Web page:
Seamless texture of floral ornament with forget-me-not flowers. Beautiful background. Elegance vintage pattern

A few years ago on a gorgeous June day, I found myself in a windowless bathroom with forget-me-not wallpaper, my butt on a toilet, without any good reason to be there. It was a standard mothering move. Beyond the door, I could hear my two small kids laughing and eating cereal, so I stayed in this little space, smartphone in hand. In an hour, I was headed to a bowling alley with my kids, both of whom could now walk through a doorway on their own. And this was a brilliant new development, not just for the 2-year-old who’d learned to walk at the standard age, but for the 4-year-old, Fiona, who’d spent the past three and a half years in physical therapy striving toward this lofty goal. Forty-five percent of people with Wolf-Hirschhorn syndrome walk, said the report when I first got her diagnosis. Her ability to walk meant I no longer had to consider wheelchair or stroller accessibility. Her ability to walk independently meant she could navigate the tight turns around a bowling ball return without having to steer a clunky walker. So I was taking my kids bowling, as soon as I stopped pretend-peeing and reading on my phone.

I was reading a friend’s blog post about a recent appointment with her counselor. As soon as she mentioned her son, who has the same chromosomal syndrome as my daughter, she began to cry.

The therapist asked, “Why do you always cry when you talk about him in here?”

In here was the therapist’s office, maybe a subdued room with sage walls and elephant statuettes. Out there, my friend pushed her 4-year-old son in a wheelchair.

My friend looked up at the ceiling a moment and thought. Why do I always cry when I talk about him in here? The answer hit her, and she sobbed. She managed this sentence, eked out between heaving breaths: “Because … out there … when I’m talking … about him … I have to smile.”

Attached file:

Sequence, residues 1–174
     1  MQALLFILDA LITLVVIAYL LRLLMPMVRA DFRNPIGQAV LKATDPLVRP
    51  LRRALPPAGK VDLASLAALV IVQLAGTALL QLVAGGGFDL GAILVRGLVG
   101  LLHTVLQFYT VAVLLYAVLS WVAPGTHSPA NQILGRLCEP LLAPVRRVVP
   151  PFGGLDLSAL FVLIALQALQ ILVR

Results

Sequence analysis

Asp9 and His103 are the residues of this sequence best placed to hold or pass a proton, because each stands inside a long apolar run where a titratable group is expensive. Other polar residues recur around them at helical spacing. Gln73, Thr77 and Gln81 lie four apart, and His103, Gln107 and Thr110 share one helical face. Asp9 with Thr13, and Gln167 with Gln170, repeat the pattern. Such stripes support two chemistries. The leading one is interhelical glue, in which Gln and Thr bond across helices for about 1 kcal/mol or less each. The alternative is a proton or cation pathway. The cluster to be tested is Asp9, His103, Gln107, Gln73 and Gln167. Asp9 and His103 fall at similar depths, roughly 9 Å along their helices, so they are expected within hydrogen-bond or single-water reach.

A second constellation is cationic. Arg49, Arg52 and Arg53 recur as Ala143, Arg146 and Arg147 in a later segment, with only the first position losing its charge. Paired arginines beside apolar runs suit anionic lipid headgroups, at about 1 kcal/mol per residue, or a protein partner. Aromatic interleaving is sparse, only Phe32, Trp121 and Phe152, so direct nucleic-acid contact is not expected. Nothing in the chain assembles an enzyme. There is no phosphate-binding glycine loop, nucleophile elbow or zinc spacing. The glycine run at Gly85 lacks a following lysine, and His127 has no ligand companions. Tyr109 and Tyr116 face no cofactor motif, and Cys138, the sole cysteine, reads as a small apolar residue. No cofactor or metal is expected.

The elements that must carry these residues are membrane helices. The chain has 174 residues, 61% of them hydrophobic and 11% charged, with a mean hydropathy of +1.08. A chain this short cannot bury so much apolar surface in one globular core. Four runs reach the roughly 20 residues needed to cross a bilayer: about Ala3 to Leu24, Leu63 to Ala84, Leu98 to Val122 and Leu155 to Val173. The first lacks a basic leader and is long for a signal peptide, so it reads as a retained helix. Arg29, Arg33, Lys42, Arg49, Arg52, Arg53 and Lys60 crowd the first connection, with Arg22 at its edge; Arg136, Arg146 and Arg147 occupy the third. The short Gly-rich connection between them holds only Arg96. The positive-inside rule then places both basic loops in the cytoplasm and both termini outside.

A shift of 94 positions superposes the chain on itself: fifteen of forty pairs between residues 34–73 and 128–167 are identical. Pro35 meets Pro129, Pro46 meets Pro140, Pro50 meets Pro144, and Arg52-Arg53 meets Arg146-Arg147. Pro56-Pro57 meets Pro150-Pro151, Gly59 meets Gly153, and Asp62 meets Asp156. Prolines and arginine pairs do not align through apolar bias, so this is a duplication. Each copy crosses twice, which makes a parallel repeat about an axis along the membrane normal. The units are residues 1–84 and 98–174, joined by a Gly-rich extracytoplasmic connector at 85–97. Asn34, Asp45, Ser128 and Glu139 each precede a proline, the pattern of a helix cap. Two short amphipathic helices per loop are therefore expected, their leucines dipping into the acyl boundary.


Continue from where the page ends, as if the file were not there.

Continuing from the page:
I put my hand over my mouth. The windowless bathroom. The forget-me-not wallpaper. I burst into tears.

Read more on LongReads.

This is an external article from our library

Everyone is talking about caregiving, but it can still be difficult to find meaningful information and real stories that go deep. We read (and listen to and watch and look at) the best content about caregiving and bring you a curated selection.

Have a great story about care work? Use our contact form to submit it to us so we can share it with the community!

Related Articles

Friend to healthcare worker

Friend to healthcare worker

I am currently helping friends with their severely disabled child. The child needs round-the-clock supervision; this is especially challenging...

What Is Compassion Fatigue?

What Is Compassion Fatigue?

“Since the pandemic, individuals are coping with so many different forms of stress that might be activating a compassionate part of them that they...

Popular categories

Finances
Burnout
After Caregiving
Housing
Relationships
Finding Meaning
Planning
Dying
Finding Support
Work
Grief

Don't see what you're looking for? Search the library

Share your thoughts

0 Comments

Share your thoughts and experiences

This site uses Akismet to reduce spam. Learn how your comment data is processed.

Join our communities

Whenever you want to talk, there’s always someone up in one of our Facebook communities.

These private Facebook groups are a space for support and encouragement — or getting it off your chest.

Join our newsletter

Thoughts on care work from Cori, our director, that hit your inbox each Monday morning (more-or-less).

There are no grand solutions, but there are countless little ways to make our lives better.

Share your insights

Caregivers have wisdom and experience to share. Researchers, product developers, and members of the media are eager to understand the nature of care work and make a difference.

We have a group specifically to connect you so we can bring about change.